Offscreen: You worked in collaboration with Moslem Mansouri for more than a decade now. Could you talk about his films and your cooperation in his film making?
Moslem Mansouri established the underground filmmaking movement in Iran. He was born in 1964 in Iran. In 1981, because of his political views about the regime of Iran, Mansouri was arrested and imprisoned for two years. He began working with Iranian cinema magazines in 1991 and published a book, Cinema and Literature. From 1994 to 1998, Mansouri, under the pretext of media work and outside the control of the Iranian regime, secretly produced eight underground documentary films about the lives of the people under Iran’s theocratic rule. I became involved in underground film-making while working as a journalist in Iran when I met Moslem Mansouri. I produced two of his films, Epitaph (about sex trade workers) and Utopia (about female survivors of war) and worked as an Assistant Director on a few of his films as well.
[For more information regarding Moslem Mansouri’s other films, you can go to his website.]
Offscreen: Why did you decide to live in exile?
In Iran, it was not possible to distribute the underground films that we made.
It was also not possible to edit Trial, Utopia and Epitaph. We wanted to edit and distribute the films abroad, and to introduce the underground cinema of Iran to the world to show that there is an alternative cinema to the official government cinema.
By living abroad, we could also help our friends who are working inside Iran to continue their work on underground cinema. Our friends in Iran have been working on films with issues such as self immolation, teenage suicide, human trafficking and student protests.
Offscreen: What is different between the cinema you advocate (underground cinema) and internationally awarded cinema from inside Iran?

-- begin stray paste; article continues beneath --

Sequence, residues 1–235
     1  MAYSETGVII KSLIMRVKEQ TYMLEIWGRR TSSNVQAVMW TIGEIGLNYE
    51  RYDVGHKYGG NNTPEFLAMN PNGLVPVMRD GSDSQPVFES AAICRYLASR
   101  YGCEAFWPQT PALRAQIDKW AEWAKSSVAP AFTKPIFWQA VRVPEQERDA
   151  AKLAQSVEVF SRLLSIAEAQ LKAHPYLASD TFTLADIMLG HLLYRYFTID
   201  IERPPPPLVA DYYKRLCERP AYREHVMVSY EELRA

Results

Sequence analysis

The underground cinema portrays the unvarnished life of people who live in Iran. The underground cinema’s role is not just to point out the existence of poverty and injustice in Iran – as the official cinema portrayals – but rather to target the roots and causes of poverty and injustice. It tries to reveal the connection between the lives of street children and the bank accounts of government officials. It is the storytelling voice of the oppressed.
Interview with Aram Bayat:
Offscreen: Why did you accept to be the subject of this film?
I always wanted to tell my story so that people, especially the next generation of Iranians, will know what happened to artists in Iran after the revolution in 1979.
Offscreen: Were you forced to leave Iran because of your profession, or was it a choice on your part?
Nobody came to my door to tell me I had to leave, but I couldn’t handle the situation anymore and also I felt unsafe and scared. At the time my children were too young.
Offscreen: You say in the film that both before and after the revolution your dream has been to dance in Freedom Square in Tehran. It is clear why you cannot do so now, but why was it something that you could not do before the revolution? Was it because dance was such an elitist art, reserved exclusively for the Shah’s court, or was it because of religious reasons then too?
Iran was always an Islamic state but not with this kind of Islam that it imposes now, people didn’t have a problem with dance. Of course there might have been small groups of fundamentalists like they exist in any religion and in any society that were against everything. The problem, however, as you said, was that dance as an art was reserved only for a small elite.
Offscreen: I was surprised to hear you say in the film that all of your dance teachers in Iran had been foreigners. What was the reason for this?
Ha…well…that is why the revolution happened! Before the revolution there were a lot of foreigners in key positions of power…They were everywhere from the army to the arts and with very high salaries. The reason for this is because the Shah had close relations with the West. When they found out that supporting the Shah was no longer useful they changed their plan. Anyway this is a long story. This is what happened to the nation who wanted to be independent. The emergence of a government a hundred times worse!
For more information about Lila Ghobady.
For more information about Aram Bayat and her dance troupe.